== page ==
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De Facto and De Jure Property Rights: Land Settlement and Land Conflict on the Australian, Brazilian and U.S. Frontiers

  • Lee J. Alston
  • Edwyna Harris
  • Bernardo Mueller

We present a general model of the interaction between settlement and the emergence of de facto property rights on frontiers prior to governments establishing and enforcing de jure property rights. Settlers have an incentive to establish de facto property rights to avoid the dissipation associated with open access conditions. The potential rent associated with more exclusivity drives the “demand’ for commons arrangements. As the potential rental stream from land increases due to enhanced scarcity there is a greater demand for more exclusivity beyond what can be sustained with commons arrangements. In some instances claimants will petition the government for de jure property rights to their claims – formal titles. In other instances it may be cheaper to acquire titles through fraudulent means. To the extent that governments supply property rights to those with first possession, land conflict will generally be minimal, though there may be political protests. But, governments face differing political constituencies and may not allocate de jure rights to the current claimants. Moreover, governments may assign de jure rights but not be willing to enforce the rights. This may generate potential or actual conflict over land depending on the violence potentials held by the de facto and de jure land claimants. We examine land settlement and land conflict on the frontiers of Australia, the U.S. and Brazil. We are particularly interested in examining the emergence, sustainability, and collapse of commons arrangements in specific historical contexts. Our analysis indicates that the emergence of demand driven de facto property rights arrangements was relatively peaceful in Australia and the U.S. where claimants had reasons to organize collectively. The settlement process in Brazil was more prone to conflict because agriculture required fewer collective activities and as a result claimants resorted to periodic violent self-enforcement. In all three cases the movement from de facto to de jure property rights led to potential or actual conflict because of insufficient government enforcement.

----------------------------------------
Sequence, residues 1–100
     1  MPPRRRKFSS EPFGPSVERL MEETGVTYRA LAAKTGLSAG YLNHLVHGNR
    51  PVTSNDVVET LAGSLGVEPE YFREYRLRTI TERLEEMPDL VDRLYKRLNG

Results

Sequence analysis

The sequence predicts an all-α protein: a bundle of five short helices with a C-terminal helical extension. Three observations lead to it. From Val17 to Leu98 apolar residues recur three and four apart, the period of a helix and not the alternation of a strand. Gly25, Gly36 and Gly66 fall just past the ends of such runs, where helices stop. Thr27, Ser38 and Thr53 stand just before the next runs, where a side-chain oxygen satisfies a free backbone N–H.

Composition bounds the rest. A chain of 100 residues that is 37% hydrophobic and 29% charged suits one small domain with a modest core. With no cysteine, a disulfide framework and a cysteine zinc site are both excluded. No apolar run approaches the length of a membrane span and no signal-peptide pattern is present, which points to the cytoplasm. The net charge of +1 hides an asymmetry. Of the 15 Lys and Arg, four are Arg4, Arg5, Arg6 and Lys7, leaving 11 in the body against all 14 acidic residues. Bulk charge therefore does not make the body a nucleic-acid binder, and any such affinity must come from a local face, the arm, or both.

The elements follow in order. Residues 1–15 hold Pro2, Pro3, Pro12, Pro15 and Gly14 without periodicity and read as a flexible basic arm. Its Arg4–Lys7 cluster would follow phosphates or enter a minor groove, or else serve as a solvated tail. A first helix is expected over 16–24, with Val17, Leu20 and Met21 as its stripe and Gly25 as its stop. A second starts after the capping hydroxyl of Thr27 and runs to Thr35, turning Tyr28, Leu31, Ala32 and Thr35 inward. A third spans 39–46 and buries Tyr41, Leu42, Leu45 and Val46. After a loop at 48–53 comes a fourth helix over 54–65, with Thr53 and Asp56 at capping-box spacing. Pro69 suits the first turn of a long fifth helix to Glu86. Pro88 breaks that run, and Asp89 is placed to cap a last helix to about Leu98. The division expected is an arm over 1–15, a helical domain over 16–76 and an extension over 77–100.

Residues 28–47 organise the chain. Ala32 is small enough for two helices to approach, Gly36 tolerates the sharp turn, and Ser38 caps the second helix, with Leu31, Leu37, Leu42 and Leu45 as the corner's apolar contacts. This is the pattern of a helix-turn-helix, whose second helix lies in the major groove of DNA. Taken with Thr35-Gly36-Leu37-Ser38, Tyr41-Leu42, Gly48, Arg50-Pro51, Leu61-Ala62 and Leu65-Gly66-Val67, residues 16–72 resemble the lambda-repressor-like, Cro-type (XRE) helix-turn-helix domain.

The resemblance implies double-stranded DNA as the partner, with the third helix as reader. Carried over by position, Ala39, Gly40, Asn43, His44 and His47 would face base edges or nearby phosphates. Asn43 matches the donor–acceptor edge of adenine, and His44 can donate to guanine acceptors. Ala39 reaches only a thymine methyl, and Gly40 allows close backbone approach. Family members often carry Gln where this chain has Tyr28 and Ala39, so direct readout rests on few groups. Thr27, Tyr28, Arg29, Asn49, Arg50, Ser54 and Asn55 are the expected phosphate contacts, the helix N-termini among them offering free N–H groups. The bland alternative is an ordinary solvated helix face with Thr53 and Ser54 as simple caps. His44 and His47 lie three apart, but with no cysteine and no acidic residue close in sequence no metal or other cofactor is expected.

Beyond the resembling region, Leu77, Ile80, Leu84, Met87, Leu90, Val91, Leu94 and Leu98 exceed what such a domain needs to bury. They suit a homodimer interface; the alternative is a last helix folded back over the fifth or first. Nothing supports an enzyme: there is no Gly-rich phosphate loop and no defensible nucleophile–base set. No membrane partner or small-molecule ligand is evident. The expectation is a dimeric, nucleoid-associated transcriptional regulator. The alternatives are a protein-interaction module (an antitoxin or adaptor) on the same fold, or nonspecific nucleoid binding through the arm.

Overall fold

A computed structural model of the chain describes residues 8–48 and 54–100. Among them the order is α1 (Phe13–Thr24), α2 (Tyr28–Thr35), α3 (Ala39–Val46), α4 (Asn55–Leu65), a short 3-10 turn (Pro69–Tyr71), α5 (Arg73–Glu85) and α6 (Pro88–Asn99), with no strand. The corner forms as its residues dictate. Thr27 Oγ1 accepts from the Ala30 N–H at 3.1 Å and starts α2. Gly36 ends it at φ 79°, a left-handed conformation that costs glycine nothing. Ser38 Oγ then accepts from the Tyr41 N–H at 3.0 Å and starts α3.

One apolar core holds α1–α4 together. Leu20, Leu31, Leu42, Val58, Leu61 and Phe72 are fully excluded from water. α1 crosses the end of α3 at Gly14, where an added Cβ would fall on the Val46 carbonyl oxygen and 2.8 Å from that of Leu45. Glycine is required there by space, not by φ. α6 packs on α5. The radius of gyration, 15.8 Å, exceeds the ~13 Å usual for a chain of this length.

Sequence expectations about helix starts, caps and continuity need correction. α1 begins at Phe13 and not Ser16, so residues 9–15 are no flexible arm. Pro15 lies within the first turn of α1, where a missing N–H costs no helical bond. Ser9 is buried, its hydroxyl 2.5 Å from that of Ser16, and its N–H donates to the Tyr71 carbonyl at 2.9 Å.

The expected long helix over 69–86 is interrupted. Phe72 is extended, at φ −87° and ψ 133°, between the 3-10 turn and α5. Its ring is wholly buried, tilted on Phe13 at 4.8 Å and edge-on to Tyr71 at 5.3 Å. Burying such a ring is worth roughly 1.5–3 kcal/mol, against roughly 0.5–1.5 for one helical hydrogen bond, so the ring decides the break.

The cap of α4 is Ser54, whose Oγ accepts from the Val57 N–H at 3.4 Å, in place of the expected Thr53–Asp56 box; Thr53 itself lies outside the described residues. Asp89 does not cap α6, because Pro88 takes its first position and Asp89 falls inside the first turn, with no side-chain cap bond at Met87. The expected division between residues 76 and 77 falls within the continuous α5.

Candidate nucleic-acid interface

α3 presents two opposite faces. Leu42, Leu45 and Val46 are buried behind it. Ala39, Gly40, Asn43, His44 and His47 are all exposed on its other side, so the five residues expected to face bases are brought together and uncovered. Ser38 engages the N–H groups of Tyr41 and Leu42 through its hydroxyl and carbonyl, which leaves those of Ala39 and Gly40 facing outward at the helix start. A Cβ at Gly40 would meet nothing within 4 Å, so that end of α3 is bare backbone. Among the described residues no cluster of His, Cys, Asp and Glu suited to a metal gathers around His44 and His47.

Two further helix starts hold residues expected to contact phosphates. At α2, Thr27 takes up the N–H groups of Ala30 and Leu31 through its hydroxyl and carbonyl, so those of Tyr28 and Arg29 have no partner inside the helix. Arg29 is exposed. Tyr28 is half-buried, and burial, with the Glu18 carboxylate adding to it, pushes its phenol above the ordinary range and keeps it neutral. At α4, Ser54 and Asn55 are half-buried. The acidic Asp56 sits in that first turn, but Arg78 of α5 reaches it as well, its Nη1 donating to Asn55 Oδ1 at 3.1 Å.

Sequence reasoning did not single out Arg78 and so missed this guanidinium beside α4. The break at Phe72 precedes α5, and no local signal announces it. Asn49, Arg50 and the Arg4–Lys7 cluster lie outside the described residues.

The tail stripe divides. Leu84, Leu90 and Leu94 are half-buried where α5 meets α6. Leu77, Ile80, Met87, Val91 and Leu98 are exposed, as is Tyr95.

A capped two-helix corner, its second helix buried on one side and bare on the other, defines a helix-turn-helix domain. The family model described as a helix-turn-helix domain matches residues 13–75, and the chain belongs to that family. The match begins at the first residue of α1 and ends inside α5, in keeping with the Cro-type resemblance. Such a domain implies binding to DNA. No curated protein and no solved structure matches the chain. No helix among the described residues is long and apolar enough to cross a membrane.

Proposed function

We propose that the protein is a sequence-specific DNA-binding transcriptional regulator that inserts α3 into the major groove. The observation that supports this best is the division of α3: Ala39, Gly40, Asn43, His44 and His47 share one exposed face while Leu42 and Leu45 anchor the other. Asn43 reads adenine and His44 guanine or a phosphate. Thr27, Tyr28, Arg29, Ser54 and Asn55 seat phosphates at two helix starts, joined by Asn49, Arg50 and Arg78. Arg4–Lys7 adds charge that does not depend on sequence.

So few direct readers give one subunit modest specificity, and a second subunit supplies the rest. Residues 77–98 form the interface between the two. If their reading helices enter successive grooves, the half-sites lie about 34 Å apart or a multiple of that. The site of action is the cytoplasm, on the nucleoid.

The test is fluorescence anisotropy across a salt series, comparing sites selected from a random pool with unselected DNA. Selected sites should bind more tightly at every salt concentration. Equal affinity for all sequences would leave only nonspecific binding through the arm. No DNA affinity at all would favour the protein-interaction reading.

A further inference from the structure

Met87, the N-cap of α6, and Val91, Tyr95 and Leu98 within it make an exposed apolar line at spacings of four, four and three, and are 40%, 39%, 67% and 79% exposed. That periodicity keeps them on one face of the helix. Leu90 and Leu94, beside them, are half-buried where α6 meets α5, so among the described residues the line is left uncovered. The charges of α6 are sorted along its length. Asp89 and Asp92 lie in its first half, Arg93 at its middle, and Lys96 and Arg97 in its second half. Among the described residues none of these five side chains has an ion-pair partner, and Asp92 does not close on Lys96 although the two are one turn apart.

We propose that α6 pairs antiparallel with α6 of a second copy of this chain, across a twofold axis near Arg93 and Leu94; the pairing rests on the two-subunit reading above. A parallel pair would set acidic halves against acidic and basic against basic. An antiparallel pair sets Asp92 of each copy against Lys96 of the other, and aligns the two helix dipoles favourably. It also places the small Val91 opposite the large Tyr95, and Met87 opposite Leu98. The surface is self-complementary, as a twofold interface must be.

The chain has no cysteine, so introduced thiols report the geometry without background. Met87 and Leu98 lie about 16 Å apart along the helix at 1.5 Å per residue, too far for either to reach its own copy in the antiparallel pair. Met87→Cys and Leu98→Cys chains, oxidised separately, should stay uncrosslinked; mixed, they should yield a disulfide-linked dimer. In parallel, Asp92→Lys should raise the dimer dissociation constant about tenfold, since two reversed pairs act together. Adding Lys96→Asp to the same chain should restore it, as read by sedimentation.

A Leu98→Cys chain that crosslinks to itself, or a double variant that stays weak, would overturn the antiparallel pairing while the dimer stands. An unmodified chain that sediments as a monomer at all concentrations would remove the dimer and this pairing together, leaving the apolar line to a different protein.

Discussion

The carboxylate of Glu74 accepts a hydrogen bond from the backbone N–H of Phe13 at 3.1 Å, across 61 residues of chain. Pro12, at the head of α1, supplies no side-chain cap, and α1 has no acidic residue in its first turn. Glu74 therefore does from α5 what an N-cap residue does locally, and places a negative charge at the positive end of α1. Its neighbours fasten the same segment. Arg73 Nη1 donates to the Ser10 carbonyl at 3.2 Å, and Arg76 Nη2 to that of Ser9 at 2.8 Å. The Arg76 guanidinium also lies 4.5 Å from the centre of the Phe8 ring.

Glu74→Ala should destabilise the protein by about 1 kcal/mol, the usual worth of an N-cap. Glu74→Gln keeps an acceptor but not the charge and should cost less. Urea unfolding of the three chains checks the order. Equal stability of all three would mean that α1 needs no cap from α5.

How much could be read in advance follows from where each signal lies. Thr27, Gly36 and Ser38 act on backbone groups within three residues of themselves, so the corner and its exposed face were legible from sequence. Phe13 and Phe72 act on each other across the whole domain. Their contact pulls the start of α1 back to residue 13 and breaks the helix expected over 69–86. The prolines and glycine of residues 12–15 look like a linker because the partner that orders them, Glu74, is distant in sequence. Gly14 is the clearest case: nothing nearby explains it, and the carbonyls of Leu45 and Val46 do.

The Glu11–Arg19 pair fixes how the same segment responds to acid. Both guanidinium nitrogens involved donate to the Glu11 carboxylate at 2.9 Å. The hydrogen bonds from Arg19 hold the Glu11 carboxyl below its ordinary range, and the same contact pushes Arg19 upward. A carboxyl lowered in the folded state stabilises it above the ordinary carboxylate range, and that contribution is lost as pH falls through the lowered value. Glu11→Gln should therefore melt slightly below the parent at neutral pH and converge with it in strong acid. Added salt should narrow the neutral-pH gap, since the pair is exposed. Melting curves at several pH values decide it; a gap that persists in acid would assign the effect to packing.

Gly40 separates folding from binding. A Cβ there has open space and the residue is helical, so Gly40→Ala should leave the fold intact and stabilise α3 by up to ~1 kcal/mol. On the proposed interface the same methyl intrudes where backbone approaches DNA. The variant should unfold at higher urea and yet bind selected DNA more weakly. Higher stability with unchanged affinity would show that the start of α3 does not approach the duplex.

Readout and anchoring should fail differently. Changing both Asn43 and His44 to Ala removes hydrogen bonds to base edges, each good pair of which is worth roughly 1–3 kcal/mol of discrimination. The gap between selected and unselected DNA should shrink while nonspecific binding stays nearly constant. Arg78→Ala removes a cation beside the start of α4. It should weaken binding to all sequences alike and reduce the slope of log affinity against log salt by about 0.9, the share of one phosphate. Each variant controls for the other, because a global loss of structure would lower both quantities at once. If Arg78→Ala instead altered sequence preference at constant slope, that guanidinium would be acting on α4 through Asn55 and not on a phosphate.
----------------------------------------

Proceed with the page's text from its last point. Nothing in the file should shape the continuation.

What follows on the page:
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File URL: http://cbe.anu.edu.au/researchpapers/cepr/DP607.pdf
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Paper provided by Centre for Economic Policy Research, Research School of Economics, Australian National University in its series CEPR Discussion Papers with number 607.

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Date of creation: May 2009
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Handle: RePEc:auu:dpaper:607
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